The Effects of Capital Flight

If people decide that Mexico is a risky place to keep their savings, they will move their capital to safer havens such as the United States, resulting in an increase in Mexican net capital outflow. Consequently, the demand for loan able funds in Mexico rises from D) to Dz’ as shown in panel (a), and this drives up the Mexican real interest rate from ‘1 to ‘z. Because net capital outflow is higher for any interest rate, that curve also shifts to the right from NCO) to NCOz in panel (b). At the same time, in the market for foreign-currency exchange, the supply of pesos rises from 5) to 52′ as shown in panel (c). This increase in the supply of pesos causes the peso to depreciate from £1 to £2’ so the peso becomes less valuable compared to other currencies.

The Effects of Capital Flight

The Effects of Capital Flight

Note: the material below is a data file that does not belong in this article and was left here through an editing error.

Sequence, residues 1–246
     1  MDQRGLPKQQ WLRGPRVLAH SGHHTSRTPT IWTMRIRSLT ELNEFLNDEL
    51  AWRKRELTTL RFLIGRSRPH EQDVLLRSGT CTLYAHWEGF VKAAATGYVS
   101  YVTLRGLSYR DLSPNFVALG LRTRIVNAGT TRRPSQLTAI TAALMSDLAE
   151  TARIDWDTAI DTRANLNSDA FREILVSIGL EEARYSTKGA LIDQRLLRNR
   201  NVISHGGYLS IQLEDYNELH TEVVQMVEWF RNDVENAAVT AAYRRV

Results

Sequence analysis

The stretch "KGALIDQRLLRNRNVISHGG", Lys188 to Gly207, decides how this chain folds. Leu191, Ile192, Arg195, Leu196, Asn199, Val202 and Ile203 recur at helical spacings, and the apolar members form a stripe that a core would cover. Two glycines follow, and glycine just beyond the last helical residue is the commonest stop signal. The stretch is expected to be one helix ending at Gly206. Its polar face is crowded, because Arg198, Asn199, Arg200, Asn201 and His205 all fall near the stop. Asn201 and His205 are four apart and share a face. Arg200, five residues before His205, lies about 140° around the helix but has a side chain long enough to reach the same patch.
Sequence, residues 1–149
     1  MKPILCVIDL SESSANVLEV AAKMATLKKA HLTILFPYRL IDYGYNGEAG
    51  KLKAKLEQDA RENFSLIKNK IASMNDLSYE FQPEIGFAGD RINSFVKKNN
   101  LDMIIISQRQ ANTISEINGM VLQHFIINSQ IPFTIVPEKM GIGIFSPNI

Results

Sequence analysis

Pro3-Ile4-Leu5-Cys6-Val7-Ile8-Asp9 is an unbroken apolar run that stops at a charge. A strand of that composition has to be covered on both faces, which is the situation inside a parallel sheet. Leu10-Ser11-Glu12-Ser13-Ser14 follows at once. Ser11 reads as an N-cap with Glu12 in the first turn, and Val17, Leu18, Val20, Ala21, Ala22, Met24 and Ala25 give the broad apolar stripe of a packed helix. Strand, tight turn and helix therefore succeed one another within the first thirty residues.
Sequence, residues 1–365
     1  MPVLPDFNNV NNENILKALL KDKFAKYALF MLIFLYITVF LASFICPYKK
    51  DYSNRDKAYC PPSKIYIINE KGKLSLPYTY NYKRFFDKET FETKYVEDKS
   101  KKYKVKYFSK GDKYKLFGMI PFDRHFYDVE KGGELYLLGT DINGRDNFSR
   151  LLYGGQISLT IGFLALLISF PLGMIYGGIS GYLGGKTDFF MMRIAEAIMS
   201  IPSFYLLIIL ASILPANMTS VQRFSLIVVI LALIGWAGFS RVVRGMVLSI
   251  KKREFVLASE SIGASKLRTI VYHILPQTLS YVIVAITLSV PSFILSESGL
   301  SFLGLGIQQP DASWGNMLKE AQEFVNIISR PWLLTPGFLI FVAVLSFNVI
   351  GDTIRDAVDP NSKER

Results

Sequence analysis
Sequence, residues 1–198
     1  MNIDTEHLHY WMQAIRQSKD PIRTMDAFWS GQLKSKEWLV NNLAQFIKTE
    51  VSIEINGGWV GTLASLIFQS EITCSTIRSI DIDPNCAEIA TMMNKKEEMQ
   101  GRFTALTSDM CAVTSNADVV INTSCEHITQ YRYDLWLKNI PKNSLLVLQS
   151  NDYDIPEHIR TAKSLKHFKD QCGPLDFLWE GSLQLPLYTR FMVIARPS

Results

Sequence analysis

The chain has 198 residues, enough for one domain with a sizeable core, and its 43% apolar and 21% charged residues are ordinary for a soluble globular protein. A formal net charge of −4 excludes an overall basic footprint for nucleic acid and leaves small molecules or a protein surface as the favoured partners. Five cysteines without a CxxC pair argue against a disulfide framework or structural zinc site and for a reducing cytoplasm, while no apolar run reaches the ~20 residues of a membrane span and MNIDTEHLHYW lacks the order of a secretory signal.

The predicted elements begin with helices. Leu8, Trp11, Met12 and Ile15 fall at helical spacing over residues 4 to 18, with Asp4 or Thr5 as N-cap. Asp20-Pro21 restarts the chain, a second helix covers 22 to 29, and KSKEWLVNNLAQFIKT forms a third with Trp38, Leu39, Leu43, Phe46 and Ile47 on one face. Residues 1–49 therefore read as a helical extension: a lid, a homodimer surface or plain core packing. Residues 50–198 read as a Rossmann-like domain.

net capital outflow is higher [.,r any Interest rate, the net-capital-outflow curve also shifts to the right from NCOI to NC02, as In panel (b To see the effects of capital  011 the Mexican economy, we compare the old and new equilibria. Panel (a) of Figure 7 shows that their. Tc.ISL”demand for loan able funds causes the interest rate in Mexico to rise from r, to Mexican net capital outflow increases. (Although the rise in the interest rate does make Mexican assets more attractive, this only partly offsets the impact of capital flight on net capital outflow.) Panel (c) shows that the increase in net  capital outflow raises the supply of pesos in the market for foreign-currency exchange from S, to S2′ That is, as people try to get out of Mexican assets, there is a large supply of pesos to be converted into dollars. This increase in supply causes the peso to depreciate from E, to E2. Thus, capital flight from Mexico increases Mexican interest rates and decreases the value of the Mexican peso in the market for foreign-currency exchange. This is exactly what was observed in 1994. From November 1994 to March 1995, the interest rate on short-term Mexican government bonds rose from 14 percent to 70 percent, and the peso depreciated in value from 29 to 15 U.S. cents per peso.